Taryn Moore, a Cal State Fullerton international business grad, poses in the hallways of Stanford University in Palo Alto, California, where she received her master's degree. Mihaylo International Business alumna Taryn Moore ’11 graduated from Stanford University, one of the most prestigious institutions in the U.S., this summer, with an M.A. in international comparative education. Moore discusses her accomplishment, future plans and the importance of her previous Mihaylo education.

Taryn Moore ’11 can boast of a number of major accomplishments. She graduated with a bachelor’s degree in international business and a concentration in Mandarin Chinese from Mihaylo College in May 2011. She has lived, worked and traveled abroad in China, gaining fluency in the Chinese language in the process. This summer, she added an M.A. in international comparative education from Stanford University in Palo Alto, Calif., to her achievements.

“The education I received at Mihaylo prepared me to study at Stanford in a number of ways,” Moore explains. “The international business program, like most Mihaylo programs, covered a wide range of topics. At Mihaylo, I studied economics, finance and accounting in a single semester. The experience juggling multiple subjects and courses at once made me feel confident that I could successfully manage the course load at Stanford. More specifically, my exposure to the fields of economics and finance at Mihaylo were great preparatory lessons for me as I studied those areas more in depth at Stanford.”

Having attained a world-class education, Moore is now planning to focus on her career, with entrepreneurial plans. “I am excited to pursue work in the start-up world in order to really develop an excellent set of practical, professional skills,” she says. “I look forward to taking on a lot of responsibilities as part of a small team and hope to hold many different jobs over the course of my career.”

Moore offers advice to current Mihaylo students. “When I was in college, I sensed that many of my peers felt really rushed to continue on to graduate school or get their careers started. However, there is a lot of freedom that comes with being a recent college graduate, and I would absolutely recommend taking advantage of that freedom,” she says. “Move to a new place, try out a weird job, be strategic and listen to your gut. If you have any desire to live in a new place – a different area of California, another state, or another country – now is the time to do it. Get into the habit of taking risks and trying new things early in your career.”

Mihaylo College Management Professor Goli Sadri, head of the Women's Leadership Program, is passionate about giving Cal State Fullerton female students the leadership skills they need to succeed in the contemporary economy.

Goli Sadri, Mihaylo College management professor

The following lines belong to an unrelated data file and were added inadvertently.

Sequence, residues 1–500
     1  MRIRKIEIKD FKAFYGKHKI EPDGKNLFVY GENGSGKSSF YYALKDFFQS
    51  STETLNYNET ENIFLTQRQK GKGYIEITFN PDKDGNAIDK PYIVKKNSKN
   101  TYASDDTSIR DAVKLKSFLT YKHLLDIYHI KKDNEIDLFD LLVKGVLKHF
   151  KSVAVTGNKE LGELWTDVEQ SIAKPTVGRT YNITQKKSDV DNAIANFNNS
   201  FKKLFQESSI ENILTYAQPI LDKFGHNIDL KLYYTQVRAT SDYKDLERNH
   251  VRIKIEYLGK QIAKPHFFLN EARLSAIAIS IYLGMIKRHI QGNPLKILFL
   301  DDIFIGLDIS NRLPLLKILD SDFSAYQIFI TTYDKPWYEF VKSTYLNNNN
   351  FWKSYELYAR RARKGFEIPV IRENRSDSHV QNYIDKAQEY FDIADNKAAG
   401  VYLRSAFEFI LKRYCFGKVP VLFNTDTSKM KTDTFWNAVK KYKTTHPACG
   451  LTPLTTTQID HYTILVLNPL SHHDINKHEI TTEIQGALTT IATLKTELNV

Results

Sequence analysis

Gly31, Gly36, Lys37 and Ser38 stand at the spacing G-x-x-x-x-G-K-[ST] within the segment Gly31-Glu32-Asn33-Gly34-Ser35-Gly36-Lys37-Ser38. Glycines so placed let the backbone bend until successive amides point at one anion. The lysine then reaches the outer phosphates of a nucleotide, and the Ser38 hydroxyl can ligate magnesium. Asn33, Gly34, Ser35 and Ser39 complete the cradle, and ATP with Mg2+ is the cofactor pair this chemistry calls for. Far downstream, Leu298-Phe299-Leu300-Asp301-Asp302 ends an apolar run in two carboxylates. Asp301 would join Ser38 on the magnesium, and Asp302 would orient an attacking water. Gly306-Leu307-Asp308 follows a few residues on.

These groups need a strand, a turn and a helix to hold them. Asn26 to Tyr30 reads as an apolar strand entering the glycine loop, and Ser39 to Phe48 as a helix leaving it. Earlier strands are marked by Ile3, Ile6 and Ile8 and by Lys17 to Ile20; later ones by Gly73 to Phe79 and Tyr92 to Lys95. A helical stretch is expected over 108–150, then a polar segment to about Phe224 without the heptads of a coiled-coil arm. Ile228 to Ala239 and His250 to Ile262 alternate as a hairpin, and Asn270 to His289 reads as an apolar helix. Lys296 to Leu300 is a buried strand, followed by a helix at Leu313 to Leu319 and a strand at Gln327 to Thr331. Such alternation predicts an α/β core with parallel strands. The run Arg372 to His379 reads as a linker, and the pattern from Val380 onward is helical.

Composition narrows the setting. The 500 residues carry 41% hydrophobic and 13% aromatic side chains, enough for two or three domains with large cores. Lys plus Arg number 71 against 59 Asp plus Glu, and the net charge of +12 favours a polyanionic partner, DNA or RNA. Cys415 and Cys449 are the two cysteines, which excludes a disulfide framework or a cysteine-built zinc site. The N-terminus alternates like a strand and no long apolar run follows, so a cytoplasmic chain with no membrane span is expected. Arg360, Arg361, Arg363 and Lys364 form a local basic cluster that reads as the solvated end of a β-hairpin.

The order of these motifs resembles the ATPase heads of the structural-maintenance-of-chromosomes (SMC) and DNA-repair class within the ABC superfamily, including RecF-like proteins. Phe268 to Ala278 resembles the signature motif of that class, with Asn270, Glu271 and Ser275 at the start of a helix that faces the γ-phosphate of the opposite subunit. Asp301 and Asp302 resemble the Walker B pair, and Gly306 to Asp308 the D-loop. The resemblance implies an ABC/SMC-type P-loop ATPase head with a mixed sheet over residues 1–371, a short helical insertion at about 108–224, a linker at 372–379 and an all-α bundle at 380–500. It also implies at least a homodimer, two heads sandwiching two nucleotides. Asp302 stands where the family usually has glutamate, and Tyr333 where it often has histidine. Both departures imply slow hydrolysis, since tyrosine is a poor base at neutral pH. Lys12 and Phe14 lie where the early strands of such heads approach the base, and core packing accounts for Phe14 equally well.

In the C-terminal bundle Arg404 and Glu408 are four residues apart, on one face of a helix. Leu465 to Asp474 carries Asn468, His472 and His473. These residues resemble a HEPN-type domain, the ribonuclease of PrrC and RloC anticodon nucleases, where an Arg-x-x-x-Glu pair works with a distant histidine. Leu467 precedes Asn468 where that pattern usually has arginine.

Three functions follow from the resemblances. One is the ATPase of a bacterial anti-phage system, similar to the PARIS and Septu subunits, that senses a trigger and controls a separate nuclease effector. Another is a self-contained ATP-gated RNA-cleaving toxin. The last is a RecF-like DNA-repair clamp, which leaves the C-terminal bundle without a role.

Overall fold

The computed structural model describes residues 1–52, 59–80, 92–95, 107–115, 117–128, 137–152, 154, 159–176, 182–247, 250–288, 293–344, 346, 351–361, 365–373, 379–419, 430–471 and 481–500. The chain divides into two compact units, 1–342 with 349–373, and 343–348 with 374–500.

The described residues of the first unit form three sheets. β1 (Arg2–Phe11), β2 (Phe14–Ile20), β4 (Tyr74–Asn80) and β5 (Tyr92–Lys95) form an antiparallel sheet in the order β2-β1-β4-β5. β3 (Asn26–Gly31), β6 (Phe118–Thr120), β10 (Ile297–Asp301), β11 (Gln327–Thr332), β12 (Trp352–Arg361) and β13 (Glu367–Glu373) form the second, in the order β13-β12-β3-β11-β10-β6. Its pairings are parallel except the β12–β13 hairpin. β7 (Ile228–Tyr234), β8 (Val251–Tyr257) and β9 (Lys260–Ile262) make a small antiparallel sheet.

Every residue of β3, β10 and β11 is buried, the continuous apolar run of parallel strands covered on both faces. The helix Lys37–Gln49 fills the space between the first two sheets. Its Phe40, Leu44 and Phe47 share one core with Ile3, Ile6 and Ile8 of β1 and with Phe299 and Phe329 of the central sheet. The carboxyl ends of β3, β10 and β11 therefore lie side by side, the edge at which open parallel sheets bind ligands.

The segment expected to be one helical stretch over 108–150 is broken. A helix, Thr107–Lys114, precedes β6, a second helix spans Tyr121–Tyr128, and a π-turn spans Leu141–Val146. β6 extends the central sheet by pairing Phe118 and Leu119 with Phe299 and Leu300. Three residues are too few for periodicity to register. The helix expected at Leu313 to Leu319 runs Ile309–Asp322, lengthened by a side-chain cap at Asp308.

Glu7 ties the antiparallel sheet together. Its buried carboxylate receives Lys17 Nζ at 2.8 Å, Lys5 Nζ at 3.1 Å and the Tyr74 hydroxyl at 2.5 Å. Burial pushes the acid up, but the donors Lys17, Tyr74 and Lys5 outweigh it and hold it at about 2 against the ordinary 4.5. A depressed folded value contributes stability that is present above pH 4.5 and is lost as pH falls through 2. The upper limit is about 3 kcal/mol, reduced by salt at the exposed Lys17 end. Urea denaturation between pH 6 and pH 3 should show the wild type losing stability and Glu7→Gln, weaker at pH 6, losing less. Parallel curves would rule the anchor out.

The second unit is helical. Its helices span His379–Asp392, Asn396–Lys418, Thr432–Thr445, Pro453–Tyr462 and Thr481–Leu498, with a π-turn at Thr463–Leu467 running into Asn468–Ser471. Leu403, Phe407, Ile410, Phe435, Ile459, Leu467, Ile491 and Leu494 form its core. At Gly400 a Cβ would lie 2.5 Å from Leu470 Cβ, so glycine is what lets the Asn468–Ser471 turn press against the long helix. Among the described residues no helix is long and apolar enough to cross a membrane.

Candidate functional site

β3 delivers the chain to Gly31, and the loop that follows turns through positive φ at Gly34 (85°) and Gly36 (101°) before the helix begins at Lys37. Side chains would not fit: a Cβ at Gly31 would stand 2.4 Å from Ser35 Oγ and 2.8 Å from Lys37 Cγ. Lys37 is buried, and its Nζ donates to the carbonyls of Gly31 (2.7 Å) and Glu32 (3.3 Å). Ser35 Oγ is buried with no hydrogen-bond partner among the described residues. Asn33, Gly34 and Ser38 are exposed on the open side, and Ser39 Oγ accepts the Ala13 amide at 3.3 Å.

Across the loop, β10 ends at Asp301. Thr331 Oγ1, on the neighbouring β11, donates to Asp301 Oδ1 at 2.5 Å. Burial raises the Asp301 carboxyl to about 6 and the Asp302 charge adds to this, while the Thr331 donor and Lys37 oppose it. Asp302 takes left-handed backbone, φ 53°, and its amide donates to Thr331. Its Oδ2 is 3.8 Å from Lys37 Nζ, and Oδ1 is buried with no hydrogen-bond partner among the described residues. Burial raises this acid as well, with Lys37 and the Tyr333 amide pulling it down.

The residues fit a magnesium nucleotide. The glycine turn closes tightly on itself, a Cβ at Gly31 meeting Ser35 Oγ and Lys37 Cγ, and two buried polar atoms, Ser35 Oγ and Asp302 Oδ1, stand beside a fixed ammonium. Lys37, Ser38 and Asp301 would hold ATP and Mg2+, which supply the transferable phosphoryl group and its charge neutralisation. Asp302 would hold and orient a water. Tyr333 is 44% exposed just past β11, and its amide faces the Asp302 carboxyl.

Mihaylo Management Professor Goli Sadri and program director Joanna Moore discuss the Women’s Leadership Program, which will equip Mihaylo female students with career success and leadership acumen.

“It is vital for women to become aware of some of the challenges that are unique to them and develop the skills necessary to overcome and thrive as leaders,” Mihaylo Management Professor Goli Sadri says. Sadri and Joanna Moore, founder and principal of J. Moore Consulting Services and an advisory board member of the Mihaylo Center for Insurance Studies, have developed the Women’s Leadership Program, designed to assist coeds with the skill development needed for career and leadership success. The program is also made possible through the support of retired Mihaylo Management Professor Dorothy Heide.

“There are many skills that are applicable to both genders, such as possessing high emotional intelligence,” Moore, the program’s director, says. “However, women approach some skills, such as negotiation and advocacy, differently than men. For example, research has shown that women may propose a course of action in the workplace, but if it is rejected, they tend not to re-propose it, a tendency we seek to address.”

Moore notes that women often handle the failure to receive a promotion differently than men. “For many women, if they propose a pathway for a potential promotion and their supervisor disagrees, they personalize the disappointment as a rejection and give up,” she says. “My goal is to help young women view these opportunities differently, in a more positive light.” Read More

Cal State students pose with Chancellor Timothy White, the head of the largest public higher education system in the world.

Cal State students with CSU Chancellor Timothy White (center) in San Diego on May 1. At far left is Mihaylo College student Edwin Valenzuela ’15

Mihaylo Entertainment and Tourism Management Professor Ellen Kim and student Edwin Valenzuela ’15 met with CSU Chancellor Timothy White and the advisory board and program leaders of the CSU Hospitality and Tourism Management Education Initiative to discuss hospitality programs in the Cal State system.

Southern California is among the major tourist destinations in the United States. Direct travel spending in California totaled $117.5 billion in 2014, supporting more than 1 million jobs in the state. In Orange County, home to Disneyland, Knott’s Berry Farm, world-famous beaches and premier shopping destinations, nearly 45 million tourists visited in 2013, spending a record $9.6 billion. Despite the obvious importance of entertainment and tourism on the local economy, CSU Fullerton is the only public institution of higher learning in the county to offer a degree program in the hospitality industry, which includes lodging, event planning, tourist transportation and amusement park management.